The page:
Trevor and I visited a number of art galleries during our visit to Santa Fe, New Mexico and we were captivated by the Pueblo clay pots. They were stunning in the simplicity of the form, the natural color palette, and the amazing detail. As you may know, the Puebloans are not a single native tribe; there are 19 surviving Pueblo tribes in New Mexico, each with their own style of artwork. In particular, we loved the Acoma pottery. We watched as an Acoma artist painted tiny, perfect lines, one after the other, covering the surface of the pot, using yucca as a paintbrush. It was incredible.
Here are two Acoma pots I photographed at the Indian Pueblo Cultural Center in Albuquerque. Wow, right?
We were eager to create our own art inspired by the pottery of the Acomas. We made two-dimensional pots out of salt dough and painted them with acrylic paint and paintbrushes. As we struggled with our simple versions, our respect for the the intricacy and perfection of the Acoma pottery grew.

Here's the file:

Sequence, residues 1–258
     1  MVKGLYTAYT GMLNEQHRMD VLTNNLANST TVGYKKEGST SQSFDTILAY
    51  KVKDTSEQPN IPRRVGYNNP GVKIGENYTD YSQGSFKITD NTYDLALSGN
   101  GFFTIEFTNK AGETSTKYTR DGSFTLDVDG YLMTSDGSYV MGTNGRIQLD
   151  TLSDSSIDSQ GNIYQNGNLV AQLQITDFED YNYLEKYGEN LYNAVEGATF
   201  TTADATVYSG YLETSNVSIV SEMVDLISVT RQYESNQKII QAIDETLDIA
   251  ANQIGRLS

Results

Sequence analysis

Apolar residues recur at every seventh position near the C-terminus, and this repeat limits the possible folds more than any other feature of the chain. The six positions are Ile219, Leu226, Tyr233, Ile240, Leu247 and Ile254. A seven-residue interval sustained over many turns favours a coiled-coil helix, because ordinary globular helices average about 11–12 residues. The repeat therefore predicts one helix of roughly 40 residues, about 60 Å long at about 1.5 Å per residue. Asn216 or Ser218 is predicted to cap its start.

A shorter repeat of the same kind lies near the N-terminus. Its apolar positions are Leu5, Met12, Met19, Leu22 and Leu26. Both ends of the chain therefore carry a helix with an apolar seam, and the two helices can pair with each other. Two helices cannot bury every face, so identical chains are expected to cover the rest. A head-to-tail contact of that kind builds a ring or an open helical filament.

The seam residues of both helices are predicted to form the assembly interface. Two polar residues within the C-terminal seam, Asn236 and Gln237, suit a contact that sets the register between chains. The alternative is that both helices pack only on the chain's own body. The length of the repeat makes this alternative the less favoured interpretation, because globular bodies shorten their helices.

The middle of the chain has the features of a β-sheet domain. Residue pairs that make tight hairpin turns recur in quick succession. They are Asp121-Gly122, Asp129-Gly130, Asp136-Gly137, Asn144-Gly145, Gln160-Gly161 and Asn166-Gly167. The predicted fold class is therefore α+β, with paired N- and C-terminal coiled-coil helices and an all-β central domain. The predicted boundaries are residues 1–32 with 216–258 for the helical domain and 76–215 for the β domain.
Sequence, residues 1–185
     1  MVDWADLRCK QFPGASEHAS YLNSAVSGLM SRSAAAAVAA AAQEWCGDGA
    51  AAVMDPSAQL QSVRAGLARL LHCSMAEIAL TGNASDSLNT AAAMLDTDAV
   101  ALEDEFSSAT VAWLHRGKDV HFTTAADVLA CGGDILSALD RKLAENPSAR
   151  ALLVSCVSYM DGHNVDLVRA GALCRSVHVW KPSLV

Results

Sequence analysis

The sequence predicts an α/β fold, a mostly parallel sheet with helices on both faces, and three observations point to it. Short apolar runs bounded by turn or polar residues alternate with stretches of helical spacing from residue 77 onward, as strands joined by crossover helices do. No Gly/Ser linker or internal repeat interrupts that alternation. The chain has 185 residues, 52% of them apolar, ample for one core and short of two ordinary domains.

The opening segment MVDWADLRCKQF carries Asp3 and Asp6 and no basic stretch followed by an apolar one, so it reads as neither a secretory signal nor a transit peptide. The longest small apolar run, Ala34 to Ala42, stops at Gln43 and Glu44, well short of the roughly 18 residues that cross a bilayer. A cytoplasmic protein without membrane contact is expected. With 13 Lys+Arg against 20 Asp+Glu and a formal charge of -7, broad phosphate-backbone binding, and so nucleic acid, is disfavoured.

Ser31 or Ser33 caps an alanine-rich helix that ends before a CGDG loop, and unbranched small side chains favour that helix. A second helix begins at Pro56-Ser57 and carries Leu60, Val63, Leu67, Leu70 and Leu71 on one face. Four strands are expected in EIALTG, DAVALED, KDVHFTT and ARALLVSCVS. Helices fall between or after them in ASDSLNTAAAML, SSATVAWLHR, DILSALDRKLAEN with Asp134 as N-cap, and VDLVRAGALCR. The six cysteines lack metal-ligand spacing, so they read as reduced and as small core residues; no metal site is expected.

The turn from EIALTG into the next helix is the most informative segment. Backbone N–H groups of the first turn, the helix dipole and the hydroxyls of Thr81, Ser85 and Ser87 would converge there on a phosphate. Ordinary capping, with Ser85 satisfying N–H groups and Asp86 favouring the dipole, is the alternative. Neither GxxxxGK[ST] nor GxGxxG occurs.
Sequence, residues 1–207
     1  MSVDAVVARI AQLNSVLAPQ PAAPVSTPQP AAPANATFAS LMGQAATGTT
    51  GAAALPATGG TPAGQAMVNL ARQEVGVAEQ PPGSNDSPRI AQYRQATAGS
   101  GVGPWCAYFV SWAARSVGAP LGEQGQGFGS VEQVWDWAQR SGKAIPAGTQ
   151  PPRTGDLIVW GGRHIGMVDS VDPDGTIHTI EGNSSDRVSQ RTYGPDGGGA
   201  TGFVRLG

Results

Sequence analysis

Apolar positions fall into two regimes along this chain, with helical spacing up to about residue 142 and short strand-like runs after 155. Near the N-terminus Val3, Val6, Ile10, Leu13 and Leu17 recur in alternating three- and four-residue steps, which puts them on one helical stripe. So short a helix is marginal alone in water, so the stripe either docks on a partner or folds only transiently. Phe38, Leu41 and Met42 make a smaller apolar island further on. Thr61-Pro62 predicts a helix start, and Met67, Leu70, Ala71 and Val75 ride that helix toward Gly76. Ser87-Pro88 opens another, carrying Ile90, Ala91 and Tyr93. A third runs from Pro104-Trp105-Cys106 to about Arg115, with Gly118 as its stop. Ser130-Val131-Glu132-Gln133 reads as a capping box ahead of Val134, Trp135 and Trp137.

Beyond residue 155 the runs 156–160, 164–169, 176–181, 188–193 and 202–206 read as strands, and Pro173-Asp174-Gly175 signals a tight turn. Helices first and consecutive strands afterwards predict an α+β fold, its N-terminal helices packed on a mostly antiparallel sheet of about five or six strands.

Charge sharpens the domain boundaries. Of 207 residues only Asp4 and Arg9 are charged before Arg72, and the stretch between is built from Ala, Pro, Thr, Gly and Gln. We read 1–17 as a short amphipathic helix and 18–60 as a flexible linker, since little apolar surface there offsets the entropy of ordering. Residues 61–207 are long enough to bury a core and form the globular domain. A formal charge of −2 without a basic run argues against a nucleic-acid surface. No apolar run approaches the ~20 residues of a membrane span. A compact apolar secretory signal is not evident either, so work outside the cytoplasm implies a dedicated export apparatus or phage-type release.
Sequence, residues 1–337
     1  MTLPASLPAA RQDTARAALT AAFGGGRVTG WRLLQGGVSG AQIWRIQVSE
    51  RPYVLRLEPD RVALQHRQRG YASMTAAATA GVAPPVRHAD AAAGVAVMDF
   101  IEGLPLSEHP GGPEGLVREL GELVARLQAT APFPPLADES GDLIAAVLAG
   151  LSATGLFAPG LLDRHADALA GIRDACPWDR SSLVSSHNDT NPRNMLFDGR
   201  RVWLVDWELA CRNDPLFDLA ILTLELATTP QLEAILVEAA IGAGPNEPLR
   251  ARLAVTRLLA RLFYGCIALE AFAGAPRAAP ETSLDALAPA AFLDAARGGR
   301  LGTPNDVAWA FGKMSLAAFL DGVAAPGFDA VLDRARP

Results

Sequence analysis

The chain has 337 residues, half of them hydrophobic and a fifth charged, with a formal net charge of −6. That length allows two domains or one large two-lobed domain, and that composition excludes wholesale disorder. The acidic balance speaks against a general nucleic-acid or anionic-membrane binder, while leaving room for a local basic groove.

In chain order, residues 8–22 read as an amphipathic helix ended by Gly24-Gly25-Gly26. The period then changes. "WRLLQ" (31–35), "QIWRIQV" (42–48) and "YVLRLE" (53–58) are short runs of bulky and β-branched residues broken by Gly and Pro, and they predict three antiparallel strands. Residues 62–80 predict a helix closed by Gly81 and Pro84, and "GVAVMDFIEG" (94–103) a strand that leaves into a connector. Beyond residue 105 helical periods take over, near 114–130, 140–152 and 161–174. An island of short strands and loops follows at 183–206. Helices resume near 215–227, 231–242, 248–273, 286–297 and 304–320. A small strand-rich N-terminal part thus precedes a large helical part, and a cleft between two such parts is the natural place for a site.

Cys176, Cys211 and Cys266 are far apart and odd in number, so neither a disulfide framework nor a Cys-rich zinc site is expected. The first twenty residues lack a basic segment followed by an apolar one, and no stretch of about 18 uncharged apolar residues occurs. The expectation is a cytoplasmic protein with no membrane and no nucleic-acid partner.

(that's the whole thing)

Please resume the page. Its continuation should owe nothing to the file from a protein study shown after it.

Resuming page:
Salt Dough Pueblo-Inspired Clay Pots
- salt dough (2 parts flour, 1 part salt, 1 part water)
- rolling pin
- index card
- plastic knife
- acrylic paint
How You Make It:
1. Fold an index card in half. Holding the card by the fold, cut a curve the shape you want your pot to be.
2. Unfold the index card and place it on rolled-out salt dough. Use a plastic knife to cut around the
3. Smooth the edges and clean up any imperfections. If you want a cut-out in your pot, now is the time.
4. Dry the salt dough pots in a very low oven or leave them out to air dry for several days. Occasionally flip them over so they dry evenly.
5. Using shades of sand, terra cotta, ochre, brown and/or black paint, add designs to the pots.
Here are the three that I made.
Trevor made two, plus a New Mexico flag.